Skip to main content

Family hoping for Christmas 'Angel' to give their baby daughter a second chance of life

A couple from Gloucester are hoping for a Christmas miracle this year after their 14-month-old daughter was diagnosed with a rare blood cancer. 

Aria was diagnosed with Juvenile myelomonocytic leukaemia (JMML), a rare cancer of the blood that affects young children. Doctors have told her parents, Mya and Stuart that she will need a stem cell transplant: cells from a healthy person, with the same tissue type, to replace her cells to cure her JMML.

Four months ago, Aria, a happy and content 14-month-old, contracted a chest infection which wouldn’t clear up. She was referred to Gloucestershire Royal Hospital for tests, which the family thought may reveal Aria had asthma.  Mya and Stuart were shocked to be told that Aria needed to receive treatment for JMML. 

Mya says: “We knew there was something wrong as there were so many doctors. It was a big shock because we thought it was going to be asthma. When the doctor said that it was going to be bad news, we thought ‘what’.

“As a nurse myself I knew about stem cell transplants but I didn’t know how many types of leukaemia there were. Because of my job I knew the basics – but it’s just the tip of the iceberg.”

Stuart adds: “You never think something like that it going to happen to your family. Quite early on the team started talking about a ‘stem cell transplant’. I’d heard the term bone marrow transplant before, but I didn’t realise that it would be a bag of cells that would be given to Aria via a transfusion.”

Aria contracted two infections early on, and the family prepared themselves for a long stint in hospital, as can be typical for a child undergoing treatment for JMML.

Stuart says: “Initially we were told that Aria would have a long stay in hospital but the first stay was just over a week, so we feel quite lucky. After three days, Aria seemed to impress the team – they were surprised that she was smiling, up and playing and there were lots of comments about how resilient she was.”

Aria is an only child, which means she is relying on the kindness of a stranger to give her a second chance of life. Anthony Nolan is the charity that makes lifesaving connections between people with blood cancer and incredible strangers ready to donate their stem cells. Mya and Stuart, who have been married since 2017, are working with the charity to give more people the opportunity to hear about Anthony Nolan, and support other families relying on the charity to find a matching stem cell donor.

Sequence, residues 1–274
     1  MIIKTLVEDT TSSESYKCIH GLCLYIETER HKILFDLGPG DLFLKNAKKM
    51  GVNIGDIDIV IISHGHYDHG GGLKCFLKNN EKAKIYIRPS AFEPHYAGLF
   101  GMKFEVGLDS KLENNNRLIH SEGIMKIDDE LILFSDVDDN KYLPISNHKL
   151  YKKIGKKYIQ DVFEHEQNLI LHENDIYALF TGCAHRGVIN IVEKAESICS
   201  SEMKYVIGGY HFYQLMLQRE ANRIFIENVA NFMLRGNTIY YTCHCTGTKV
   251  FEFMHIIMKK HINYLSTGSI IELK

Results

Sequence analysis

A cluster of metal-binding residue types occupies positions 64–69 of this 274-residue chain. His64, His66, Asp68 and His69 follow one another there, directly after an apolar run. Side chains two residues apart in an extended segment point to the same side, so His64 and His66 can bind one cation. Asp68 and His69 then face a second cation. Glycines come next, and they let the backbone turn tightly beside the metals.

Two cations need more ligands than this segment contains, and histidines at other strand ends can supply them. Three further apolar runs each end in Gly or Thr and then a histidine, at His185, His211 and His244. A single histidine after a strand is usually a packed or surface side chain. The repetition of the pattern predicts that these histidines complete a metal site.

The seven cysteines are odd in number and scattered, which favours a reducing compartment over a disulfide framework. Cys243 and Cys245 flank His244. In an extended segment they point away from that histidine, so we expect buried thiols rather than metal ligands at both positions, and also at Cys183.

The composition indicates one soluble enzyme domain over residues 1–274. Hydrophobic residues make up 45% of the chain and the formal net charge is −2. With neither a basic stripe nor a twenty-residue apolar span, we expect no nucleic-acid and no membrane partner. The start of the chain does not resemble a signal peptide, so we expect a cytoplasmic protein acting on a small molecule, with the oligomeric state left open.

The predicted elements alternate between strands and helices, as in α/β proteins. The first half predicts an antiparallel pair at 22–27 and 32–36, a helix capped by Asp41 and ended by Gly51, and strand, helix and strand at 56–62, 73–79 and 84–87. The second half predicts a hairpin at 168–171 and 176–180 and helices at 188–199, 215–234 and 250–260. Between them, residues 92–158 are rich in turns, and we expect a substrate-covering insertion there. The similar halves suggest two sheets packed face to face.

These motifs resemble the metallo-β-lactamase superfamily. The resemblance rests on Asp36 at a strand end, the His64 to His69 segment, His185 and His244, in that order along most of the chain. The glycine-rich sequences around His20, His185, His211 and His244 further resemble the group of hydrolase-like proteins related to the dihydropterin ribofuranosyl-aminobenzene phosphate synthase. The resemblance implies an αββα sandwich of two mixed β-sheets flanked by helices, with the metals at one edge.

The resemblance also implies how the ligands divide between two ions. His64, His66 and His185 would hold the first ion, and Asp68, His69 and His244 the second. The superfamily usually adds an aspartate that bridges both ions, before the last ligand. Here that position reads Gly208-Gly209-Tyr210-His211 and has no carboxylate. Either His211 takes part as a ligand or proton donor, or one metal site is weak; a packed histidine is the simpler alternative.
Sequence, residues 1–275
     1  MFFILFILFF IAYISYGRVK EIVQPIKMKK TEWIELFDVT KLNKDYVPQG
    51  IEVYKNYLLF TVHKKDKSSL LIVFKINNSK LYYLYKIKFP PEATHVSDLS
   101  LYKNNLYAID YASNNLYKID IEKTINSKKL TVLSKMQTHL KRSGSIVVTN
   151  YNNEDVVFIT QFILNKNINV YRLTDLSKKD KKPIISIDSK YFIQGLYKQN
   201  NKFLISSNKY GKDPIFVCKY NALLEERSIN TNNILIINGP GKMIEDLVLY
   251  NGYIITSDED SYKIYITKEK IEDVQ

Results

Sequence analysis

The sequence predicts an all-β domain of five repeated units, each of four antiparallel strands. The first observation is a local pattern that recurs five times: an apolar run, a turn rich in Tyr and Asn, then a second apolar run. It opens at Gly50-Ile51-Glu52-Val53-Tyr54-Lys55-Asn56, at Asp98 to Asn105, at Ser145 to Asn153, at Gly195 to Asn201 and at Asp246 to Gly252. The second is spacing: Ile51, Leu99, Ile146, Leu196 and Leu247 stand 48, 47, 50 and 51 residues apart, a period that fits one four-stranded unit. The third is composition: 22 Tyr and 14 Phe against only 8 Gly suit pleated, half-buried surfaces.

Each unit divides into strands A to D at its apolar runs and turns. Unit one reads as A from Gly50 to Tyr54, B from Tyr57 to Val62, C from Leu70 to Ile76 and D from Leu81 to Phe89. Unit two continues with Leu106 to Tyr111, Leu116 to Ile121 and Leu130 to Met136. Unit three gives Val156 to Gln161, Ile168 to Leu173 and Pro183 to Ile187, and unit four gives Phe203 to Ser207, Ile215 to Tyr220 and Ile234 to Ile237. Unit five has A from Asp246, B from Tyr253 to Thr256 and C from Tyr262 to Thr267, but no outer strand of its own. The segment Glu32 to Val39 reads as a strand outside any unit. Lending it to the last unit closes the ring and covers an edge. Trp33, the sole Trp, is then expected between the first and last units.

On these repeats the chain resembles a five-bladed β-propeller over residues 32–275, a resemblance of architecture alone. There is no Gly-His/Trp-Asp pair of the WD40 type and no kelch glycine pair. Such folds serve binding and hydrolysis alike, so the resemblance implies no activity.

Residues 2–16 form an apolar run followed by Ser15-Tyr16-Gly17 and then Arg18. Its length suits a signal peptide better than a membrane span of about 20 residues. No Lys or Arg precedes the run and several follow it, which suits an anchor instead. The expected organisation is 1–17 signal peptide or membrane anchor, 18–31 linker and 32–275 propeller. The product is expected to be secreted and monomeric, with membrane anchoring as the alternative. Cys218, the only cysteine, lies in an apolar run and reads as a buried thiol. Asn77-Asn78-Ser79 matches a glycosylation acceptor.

Mya says: “Aria’s currently at home, after a period in hospital. She’s missing nursery because she is confined to the house, to minimise the risk of getting any infections.”

Stuart says: “Joining the Anthony Nolan register is something that is not going to take very long. But the act could give families more time – and massively make a difference. 

Mya adds: “It’s the best gift anybody could give. Saving a life and giving a family a second chance. We thought that we could donate our stem cells to Aria, but she needs a stranger. 

Aria, Mya and Stuart are being supported by family who are close by. A Facebook donate post raised over £1,000 for Anthony Nolan in 48 hours, and the family are encouraging people aged 16–30 to join the Anthony Nolan register. An event at Gloucestershire Royal Hospital on Tuesday 3 December inspired more than 70 people to join the register, and more people have pledged to join online. 

Mya says:” Everybody has been very supportive and have been doing all they can for us, and to say thank you to Anthony Nolan. There’s a drive to encourage people to join the register on Tuesday, at the hospital where I work and we’re raising money.”

Rebecca Sedgwick, National Register Development Manager says: “We’re wishing Aria all the very best here, at Anthony Nolan, and are supporting Mya and Stuart as they wait for news of a match. 

“By mobilising their friends and family and fundraising for Anthony Nolan they are doing an incredible thing. Each new donor they recruit could mean the chance of life for someone like Aria with blood cancer. Money raised will help pay for those donors to be tissue-typed and enable Anthony Nolan to get vital information to patients, and their families, when they need us.”

The family are wishing for good news, this Christmas. Mya says: “Aria is very excited to leave her magic key, a carrot, mince pie and a drink out for Santa Claus and his reindeer this year. Initially it was likely we were going to have to spend Christmas in hospital, but thankfully we should now be able to spend it at home. 

“We are looking forward to spending quality time together over Christmas and we are lucky to have very supportive families nearby who will spend Christmas Day with us.”

Stuart adds: “Although Aria’s got to be kept away from crowded places, therefore we can’t take her to see Santa Claus for the first time, she is very lucky as two of Santa’s reindeers and their elf keepers are coming to visit her outside of our house soon. 

“Both of our Christmas wishes are to find Aria’s perfect stem cell match and for her to eventually fully recover.”

Find out more about joining the stem cell register at www.anthonynolan.org/aria. Fundraising helps Anthony Nolan carry out ground-breaking research to discover the many factors that influence the success of a stem cell transplant.

Category

Press

Tags

Archived Press release